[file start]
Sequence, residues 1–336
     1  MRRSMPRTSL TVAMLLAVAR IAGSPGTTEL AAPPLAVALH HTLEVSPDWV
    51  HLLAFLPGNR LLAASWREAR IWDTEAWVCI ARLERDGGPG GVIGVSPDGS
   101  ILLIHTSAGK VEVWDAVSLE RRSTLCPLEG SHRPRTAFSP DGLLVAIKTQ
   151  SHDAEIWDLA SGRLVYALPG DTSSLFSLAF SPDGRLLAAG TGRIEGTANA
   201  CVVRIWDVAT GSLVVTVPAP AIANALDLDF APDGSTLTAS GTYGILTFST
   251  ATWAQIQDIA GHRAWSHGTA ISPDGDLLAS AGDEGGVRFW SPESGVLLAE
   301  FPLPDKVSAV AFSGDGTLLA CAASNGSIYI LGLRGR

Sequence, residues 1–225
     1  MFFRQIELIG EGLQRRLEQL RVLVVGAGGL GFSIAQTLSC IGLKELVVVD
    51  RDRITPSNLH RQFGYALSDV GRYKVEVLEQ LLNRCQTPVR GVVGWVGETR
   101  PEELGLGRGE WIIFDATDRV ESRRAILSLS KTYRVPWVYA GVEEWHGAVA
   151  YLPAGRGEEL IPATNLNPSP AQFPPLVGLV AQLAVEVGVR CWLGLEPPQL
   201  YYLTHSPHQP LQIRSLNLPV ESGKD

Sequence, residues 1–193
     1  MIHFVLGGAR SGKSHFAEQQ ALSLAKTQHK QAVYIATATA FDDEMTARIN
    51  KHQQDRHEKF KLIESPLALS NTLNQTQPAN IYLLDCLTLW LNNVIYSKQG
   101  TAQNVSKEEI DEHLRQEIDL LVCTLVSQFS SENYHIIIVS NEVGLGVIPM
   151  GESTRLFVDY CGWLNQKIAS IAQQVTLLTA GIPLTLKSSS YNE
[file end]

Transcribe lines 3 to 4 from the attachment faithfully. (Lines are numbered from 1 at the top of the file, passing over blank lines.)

    51  HLLAFLPGNR LLAASWREAR IWDTEAWVCI ARLERDGGPG GVIGVSPDGS
   101  ILLIHTSAGK VEVWDAVSLE RRSTLCPLEG SHRPRTAFSP DGLLVAIKTQ